I had not done anything to prepare the camera settings, so when I started shooting, I found that I needed to move into the shade so I could read menus. Some autofocus modes don't permit you to set the video for 4K, and if you switch to one of those, it reverts to 1080p. I should have just put the camera into manual focus and left it. Much of the action I shot was at the other end of the field, roughly 100 yards away, so anything past the hyperfocal setting would have made everything in focus anyway, especially given the short actual focal length of the lens even zoomed in (44mm), and the lens stopped down for the bright sun. But instead I used the autofocus that works with 4K. I did find the autofocus to be somewhat sluggish a couple of times, more so than I would expect with my G7X II.

With the sun almost directly overhead, the screen was about useless. I still haven't managed to get the EVF in good focus. The diopter setting is too fussy, so I go too far one way or another. Maybe I just have a bad one. I didn't have much trouble getting the EVF focused on the one I messed with at the store. Maybe I was just luckier then. I could see well enough through it yesterday to frame the image. (OK, so now I just went to the camera and tried just putting the lever in the middle rather than trying to set it by eye, and the viewfinder is much clearer now.) My other problem with the set up was that I would accidentally touch the screen somewhere in the corner between clips sometimes, so when I went back to shooting, it was trying to focus on the ground near me, and doing a pretty good job with that. So the biggest problems had to do with the inexperience with it of the photographer, who has also not figured out the optimal settings to get what I want. I should have known enough already to preset menu items before venturing into the blazing sun.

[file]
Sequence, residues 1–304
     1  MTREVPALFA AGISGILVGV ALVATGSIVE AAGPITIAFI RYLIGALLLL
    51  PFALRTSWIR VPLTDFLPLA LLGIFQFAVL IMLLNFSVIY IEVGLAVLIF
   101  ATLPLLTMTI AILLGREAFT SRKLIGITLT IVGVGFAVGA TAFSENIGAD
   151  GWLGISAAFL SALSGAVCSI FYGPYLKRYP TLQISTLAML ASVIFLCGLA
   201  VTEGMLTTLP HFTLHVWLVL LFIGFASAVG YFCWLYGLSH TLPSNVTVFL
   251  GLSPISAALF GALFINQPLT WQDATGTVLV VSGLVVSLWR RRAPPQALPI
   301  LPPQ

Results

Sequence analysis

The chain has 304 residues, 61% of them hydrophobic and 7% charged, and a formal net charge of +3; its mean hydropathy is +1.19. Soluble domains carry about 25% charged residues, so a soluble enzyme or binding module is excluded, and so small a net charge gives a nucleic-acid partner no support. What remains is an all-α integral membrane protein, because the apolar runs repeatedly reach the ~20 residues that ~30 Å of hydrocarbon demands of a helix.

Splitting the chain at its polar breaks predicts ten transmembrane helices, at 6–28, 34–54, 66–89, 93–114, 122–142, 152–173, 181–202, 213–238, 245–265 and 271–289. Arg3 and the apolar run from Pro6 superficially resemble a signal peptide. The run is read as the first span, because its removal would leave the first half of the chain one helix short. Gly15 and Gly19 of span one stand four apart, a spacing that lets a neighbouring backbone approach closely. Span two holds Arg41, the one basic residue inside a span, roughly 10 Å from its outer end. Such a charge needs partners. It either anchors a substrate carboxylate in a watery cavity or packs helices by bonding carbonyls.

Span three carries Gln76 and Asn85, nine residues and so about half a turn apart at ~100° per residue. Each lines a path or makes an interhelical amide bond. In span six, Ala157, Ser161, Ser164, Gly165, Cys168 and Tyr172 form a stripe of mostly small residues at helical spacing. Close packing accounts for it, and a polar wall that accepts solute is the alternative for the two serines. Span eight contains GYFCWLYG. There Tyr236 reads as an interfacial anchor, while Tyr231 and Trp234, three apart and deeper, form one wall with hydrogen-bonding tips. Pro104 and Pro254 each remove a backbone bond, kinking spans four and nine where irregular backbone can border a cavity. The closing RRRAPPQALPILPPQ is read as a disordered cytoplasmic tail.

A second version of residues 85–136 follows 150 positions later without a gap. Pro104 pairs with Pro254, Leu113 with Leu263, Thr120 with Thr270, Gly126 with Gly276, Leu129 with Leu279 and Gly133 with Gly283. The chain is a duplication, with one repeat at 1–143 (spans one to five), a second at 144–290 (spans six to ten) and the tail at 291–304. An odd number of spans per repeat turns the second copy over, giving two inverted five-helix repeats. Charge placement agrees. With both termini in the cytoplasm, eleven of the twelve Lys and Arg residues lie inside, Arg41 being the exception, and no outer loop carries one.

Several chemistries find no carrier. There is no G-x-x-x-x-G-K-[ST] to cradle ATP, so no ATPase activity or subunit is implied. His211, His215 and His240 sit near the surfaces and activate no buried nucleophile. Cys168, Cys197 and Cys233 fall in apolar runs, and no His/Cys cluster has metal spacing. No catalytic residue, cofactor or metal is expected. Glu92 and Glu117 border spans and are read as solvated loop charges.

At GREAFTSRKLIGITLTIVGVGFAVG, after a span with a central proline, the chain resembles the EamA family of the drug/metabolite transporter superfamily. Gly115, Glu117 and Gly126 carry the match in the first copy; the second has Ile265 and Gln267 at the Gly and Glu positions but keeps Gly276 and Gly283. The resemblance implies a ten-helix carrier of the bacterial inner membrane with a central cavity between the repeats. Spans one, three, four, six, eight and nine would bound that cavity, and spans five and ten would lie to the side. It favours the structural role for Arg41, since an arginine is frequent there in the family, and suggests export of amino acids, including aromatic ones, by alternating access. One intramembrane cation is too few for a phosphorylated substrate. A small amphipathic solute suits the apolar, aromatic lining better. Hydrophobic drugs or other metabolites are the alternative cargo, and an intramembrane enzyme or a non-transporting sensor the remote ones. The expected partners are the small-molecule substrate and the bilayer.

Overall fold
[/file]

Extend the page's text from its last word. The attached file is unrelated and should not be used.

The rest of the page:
When I shoot 4K in real life it will almost always be to give me options for cropping, zooming, and panning in post to produce 1080p or even smaller to embed on a web page (960 x 540 works well). And so I edited some of these clips in FCP X using magnification up to 200%. (Shouldn't that be like a 100% crop at 1080p?) The original clips from the camera look really sharp, at least after the focus kicked in, when viewed on my 5K monitor. I sent a one-minute 4K .mov file to YouTube, and after they mangled and compressed it, it looked like this:
Although they are the visitors, Georgetown is wearing white. They have possession of the ball on the first few clips seen across the field. The score was tied at 20-all at the end of the third quarter. The play near me shows Davidson's winning touchdown, but you can't tell much given the official and the players in the way of my view. I end with the extra point.

I don't know how much about the camera you can tell from the YouTube post. Maybe some of my description of the experience can be of interest. This is not the camera you want to buy to shoot sporting events, but you knew that. And it doesn't have 48p, so you are not going to be asked to shoot The Hobbit, Part IV: The Next Generation or the like with it.
Hey!

Thanks a lot for taking the time to wire your past!

I'll download the YT clip at the maximum possible resolution.

I know that under direct sun light the LCD is almost impossible to see, that happens with most cameras. The EVF is very handy in that situations (and the only ones where I use it in my Panasonic G7 M4/3)
So I expect it will help for that.

Yes, knowing the proper mode settings and already have done them help A LOT. I usually do and save them in Custom (C) mode so if I have to change something I know I can go to another mode and get back to C and everything will be as I did set.

According to specs the EVF vision will be smaller than what I get on my G7 (which is already small), but hopefully I can still find it helpful for such situations..!!

And yes, I'd never choose it for sports, but good to see the camera in real world!